TORONTO (Reuters) - Protracted contract talks between Canadian National Railway Co and the union that represents 4,800 of its mechanical, clerical and intermodal staff are at an impasse, and the union says it is considering a strike vote.
The Montreal-based company said in a statement on Wednesday that it plans to make unilateral changes by Feb. 20 to the labor accord that covers workers represented by the Unifor union, if the union does not agree to a new deal by that time. The current contract expired on Dec. 31, 2014.
Unifor Rail Director Brian Stevens said union leadership will meet on Thursday in Montreal and is set to endorse moving forward on a strike vote. Stevens said that the process will take some weeks because the union has to get the support of its members, who are spread across some half a dozen locals.
Stevens, who criticized CN Rail’s plan to unilaterally make changes to the existing labor agreement, said, “In our view, CN Rail is attempting to manufacture a labor relations crisis where one isn’t needed.”
CN Rail said it believes a negotiated deal remains the best solution and it continues to be committed to bargaining in good faith. CN said it has also offered to submit outstanding issues to binding arbitration.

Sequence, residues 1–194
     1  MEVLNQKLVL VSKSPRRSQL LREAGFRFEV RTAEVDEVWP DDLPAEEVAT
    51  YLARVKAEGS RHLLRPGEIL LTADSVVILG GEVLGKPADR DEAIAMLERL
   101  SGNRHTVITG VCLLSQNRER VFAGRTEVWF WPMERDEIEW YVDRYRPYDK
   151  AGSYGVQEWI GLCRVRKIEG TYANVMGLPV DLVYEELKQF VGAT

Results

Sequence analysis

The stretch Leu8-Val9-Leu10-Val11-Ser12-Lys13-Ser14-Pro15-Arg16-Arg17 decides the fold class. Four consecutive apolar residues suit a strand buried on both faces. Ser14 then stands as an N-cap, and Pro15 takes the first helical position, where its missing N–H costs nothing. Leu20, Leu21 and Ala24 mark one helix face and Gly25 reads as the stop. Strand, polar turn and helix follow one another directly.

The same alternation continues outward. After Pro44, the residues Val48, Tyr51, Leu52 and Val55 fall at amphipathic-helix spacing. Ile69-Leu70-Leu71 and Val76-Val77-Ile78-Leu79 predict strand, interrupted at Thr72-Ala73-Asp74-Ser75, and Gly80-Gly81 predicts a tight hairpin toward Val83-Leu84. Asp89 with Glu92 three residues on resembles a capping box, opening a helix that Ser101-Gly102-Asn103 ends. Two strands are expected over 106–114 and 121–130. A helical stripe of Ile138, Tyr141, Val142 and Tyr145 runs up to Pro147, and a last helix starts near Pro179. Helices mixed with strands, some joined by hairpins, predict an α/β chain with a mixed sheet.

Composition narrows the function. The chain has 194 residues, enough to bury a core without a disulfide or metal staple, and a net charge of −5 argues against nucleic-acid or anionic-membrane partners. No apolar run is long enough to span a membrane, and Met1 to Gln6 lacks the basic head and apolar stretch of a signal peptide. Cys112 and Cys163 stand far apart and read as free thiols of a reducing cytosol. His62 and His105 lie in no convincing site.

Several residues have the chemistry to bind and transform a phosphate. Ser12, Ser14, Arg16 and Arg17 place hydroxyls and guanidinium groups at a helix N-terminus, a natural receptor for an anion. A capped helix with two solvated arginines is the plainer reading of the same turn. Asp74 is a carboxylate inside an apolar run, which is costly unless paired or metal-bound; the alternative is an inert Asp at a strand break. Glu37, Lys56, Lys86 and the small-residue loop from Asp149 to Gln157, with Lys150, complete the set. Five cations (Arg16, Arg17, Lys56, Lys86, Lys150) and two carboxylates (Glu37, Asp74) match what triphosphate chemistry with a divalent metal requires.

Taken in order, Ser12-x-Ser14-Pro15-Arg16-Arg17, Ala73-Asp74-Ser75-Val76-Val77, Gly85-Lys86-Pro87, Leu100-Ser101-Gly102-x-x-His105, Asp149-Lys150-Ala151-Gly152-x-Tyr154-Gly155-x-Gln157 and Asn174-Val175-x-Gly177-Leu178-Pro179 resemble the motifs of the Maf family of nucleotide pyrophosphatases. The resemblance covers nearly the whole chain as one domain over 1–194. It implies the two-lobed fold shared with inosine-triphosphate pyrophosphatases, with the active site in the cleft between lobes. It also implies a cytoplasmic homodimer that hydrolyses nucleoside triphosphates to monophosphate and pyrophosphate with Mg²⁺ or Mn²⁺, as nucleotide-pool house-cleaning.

To expedite repairs, CN said of one of the unilateral changes, it may ask employees to perform tasks within their competency at any time during their shift. CN said its trains currently face delays on occasion as strict rules do not allow workers under one classification to do the work of another except in extremely restricted situations.
“This change will allow CN to ask an employee to do a task within his or her competency, to speed up a repair or get a train moving without having to wait for the regular craftsperson to come from another task or location,” said CN Rail in an email.
It said it also wants to lengthen the probationary period for some new hires. CN Rail said it will at the same time raise Unifor members’ wages by 2 percent.
“While CN has signed agreements with higher wage patterns, those were reached before the economy started softening and reflected the value to CN of deals reached amicably,” said CN.
A day-long strike at No. 2 Canadian railroad Canadian Pacific Railway ended on Monday after the company and union agreed to mediated arbitration.
Reporting by Euan Rocha; Editing by Grant McCool and Steve Orlofsky